Welcome to the Alinco Mascot Manual©
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It's not a job that you'll see listed in the classified ads. Finding a mascot performer is not that easy. They are a unique breed of entertainer with a wide variety of skills and abilities. The best successfully combine elements of cheerleader, actor, clown, acrobat, and stunt person all in one. They are willing to subject themselves to all sorts of humiliation and abuse (most of it self-inflicted), with nothing more than a bit of foam and fabric to protect them. Most perform for only a few bucks and a strange type of fame that stops the moment they step out of costume. Yet there is something special -- almost magical -- about these characters. Children will flock to them. Teenagers will give them high-fives. Men admire their athleticism. Women want to hug them. Their appeal crosses generations. Mascots have an uncanny ability to bring people together.
The popularity of mascots is on the rise. In marketing and promotion, especially in the sports industry, many mascots are replacing celebrities and athletes, particularly on a local level. In a world where loyalties are often short-lived and athletes are traded, a mascot provides an enduring image and an accessible, huggable ambassador to the community.
If you look in the dictionary, it might define “mascot” like this: a person, animal, or object that brings good luck. But, if you ask a mascot performer, he'll tell you differently. He'll tell you there isn't much luck to it. Mostly, it's just a lot of hard work and creativity. But the effort is worth it. A successful mascot enriches teams and organizations. It connects businesses with consumers. It makes people smile.
The best mascot programs are built on the understanding of four main points: (1) the mascot design, (2) the mascot costume, (3) the mascot performer, and (4) mascot management.
In this manual, we'll take a look at each point, although some sections will become available at a later date.
A great amount of thought should be put into the design of your mascot character. This initial concept will shape the development of the costume, the selection of a performer, and the way in which your program is managed.
Words of Advice: Keep a note pad and pencil handy as your read the following paragraphs. Make notes and answer questions. In the process you will begin to discover your mascot, its personality, and the foundation of your mascot program.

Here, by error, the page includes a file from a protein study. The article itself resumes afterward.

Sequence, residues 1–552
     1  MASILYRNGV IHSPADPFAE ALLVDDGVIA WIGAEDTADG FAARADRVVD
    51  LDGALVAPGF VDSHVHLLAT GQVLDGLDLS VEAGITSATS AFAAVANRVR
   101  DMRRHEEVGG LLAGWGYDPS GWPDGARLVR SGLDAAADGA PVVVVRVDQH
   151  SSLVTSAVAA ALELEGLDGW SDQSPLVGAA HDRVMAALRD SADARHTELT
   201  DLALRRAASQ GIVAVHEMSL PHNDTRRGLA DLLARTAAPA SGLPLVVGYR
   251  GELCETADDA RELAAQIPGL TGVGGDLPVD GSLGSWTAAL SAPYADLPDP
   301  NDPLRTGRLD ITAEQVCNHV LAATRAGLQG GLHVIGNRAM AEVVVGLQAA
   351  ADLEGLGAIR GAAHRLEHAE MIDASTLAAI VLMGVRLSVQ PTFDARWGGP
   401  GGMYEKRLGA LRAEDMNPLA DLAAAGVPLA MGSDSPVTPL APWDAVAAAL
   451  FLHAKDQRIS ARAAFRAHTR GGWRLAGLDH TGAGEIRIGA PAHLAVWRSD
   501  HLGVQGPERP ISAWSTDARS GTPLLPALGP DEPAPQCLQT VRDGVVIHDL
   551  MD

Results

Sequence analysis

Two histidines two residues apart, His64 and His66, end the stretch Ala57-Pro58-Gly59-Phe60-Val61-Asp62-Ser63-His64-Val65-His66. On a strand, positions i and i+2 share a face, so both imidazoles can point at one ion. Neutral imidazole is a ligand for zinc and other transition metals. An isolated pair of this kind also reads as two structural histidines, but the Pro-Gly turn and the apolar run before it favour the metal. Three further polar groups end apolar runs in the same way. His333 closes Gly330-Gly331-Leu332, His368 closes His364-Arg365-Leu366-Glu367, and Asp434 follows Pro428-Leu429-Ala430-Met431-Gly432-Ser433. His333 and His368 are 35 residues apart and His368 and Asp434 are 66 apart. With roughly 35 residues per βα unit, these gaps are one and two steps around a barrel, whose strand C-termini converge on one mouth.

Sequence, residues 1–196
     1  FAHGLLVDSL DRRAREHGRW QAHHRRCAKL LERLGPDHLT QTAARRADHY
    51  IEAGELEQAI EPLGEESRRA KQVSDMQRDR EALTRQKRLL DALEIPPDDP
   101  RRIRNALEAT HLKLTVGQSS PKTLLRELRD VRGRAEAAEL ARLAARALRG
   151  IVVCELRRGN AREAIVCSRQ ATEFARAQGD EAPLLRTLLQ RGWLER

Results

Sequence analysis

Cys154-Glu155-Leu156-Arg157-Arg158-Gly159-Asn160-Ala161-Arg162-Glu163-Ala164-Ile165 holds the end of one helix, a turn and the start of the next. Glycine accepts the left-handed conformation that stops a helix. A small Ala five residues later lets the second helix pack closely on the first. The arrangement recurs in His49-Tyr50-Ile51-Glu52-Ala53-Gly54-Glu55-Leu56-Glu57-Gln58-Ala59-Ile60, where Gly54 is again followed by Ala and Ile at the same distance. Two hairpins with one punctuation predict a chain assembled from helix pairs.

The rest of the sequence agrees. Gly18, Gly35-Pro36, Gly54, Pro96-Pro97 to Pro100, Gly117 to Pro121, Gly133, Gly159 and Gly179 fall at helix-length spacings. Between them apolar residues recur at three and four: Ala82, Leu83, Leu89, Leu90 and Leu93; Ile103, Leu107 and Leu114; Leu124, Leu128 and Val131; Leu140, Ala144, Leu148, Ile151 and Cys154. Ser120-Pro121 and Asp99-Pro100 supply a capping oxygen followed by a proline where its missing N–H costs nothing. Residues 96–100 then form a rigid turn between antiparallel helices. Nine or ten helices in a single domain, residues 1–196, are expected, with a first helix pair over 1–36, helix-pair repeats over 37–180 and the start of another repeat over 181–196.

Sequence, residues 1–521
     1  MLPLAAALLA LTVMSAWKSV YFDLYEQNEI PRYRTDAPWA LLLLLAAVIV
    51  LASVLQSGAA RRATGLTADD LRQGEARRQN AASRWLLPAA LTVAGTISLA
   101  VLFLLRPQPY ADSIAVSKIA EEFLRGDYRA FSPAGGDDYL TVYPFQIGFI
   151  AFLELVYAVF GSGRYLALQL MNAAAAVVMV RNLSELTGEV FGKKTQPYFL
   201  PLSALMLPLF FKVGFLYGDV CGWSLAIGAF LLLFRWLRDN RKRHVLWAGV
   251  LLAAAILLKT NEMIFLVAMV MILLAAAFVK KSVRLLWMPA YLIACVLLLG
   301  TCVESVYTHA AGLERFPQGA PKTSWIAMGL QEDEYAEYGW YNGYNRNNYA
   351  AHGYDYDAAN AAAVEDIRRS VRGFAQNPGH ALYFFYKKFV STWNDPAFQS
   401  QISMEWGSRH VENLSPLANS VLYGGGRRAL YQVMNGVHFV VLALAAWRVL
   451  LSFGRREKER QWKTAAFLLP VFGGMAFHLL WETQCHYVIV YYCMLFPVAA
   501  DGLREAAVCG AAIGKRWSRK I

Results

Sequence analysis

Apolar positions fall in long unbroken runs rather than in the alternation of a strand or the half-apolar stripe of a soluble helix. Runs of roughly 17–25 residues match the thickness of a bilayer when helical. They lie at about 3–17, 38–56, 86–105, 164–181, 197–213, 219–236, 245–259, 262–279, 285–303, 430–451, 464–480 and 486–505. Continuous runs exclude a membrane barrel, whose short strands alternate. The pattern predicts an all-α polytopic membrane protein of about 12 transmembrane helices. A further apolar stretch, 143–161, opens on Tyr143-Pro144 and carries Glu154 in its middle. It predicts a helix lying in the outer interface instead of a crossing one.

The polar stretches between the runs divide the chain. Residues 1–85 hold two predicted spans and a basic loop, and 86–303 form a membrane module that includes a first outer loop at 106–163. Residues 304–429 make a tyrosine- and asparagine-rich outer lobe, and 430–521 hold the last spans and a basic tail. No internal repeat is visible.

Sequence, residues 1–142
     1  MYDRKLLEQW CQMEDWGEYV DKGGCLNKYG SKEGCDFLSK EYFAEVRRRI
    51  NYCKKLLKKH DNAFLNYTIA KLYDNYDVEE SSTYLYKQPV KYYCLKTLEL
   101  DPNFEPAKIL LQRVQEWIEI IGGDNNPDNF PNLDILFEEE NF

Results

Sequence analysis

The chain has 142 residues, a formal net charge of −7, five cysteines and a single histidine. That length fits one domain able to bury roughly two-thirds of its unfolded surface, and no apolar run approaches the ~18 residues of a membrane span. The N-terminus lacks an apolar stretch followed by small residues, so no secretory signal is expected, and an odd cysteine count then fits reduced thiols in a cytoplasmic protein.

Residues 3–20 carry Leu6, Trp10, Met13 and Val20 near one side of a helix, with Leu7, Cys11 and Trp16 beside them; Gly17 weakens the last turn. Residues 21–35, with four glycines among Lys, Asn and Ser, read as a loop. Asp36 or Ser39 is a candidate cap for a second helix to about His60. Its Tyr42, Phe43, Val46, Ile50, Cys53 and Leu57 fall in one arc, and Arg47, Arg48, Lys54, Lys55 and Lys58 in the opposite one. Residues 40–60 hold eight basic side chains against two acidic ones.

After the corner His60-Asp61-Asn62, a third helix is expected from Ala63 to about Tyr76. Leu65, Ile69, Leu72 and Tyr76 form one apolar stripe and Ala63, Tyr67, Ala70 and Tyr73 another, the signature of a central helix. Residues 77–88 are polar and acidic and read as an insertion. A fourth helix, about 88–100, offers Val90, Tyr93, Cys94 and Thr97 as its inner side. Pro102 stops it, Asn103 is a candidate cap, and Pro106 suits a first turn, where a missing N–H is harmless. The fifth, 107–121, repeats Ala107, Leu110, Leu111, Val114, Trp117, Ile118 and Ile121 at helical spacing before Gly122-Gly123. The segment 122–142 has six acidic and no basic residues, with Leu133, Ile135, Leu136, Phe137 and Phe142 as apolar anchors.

At this point, you don't need to worry about the costume design. Simply focus on the development of the character.
Do you already have an established logo or image that will influence the look of your mascot? If so, it's almost always a good idea to stay with your brand image. However, you may want to allow yourself some flexibility. For instance, if your logo depicts a truck, you may want to develop an amusing truck driver. A bear wearing a company uniform is a lot more huggable and approachable than something as oversized and stiff as a vehicle.
What is your target audience? Whether your mascot is intended for 12 year olds or adults, it will impact the development of your character. A cute and cuddly kitten probably won't appeal to a stadium full of raucous football fans. And a ferocious Irishman most likely won't be invited to a 7-year-old girl's birthday party. Decide on the age, gender, and “personality” of your target audience.
What kind of personality should your mascot have? Is he mischievous? Is he clumsy? Or is he heroic and sure-footed? The more you know about your mascot, the better you will be able to direct the development of the costume, the actions of the performer, and the direction of the mascot plan.
Does your mascot reflect the principles of your organization and community? A mascot should not be offensive to individuals or groups in your community. For instance, if your mascot represents a team named after a Native American tribe, then it is a good idea to involve tribe representatives in the design of the costume. A mascot can and should unify people in a common cause.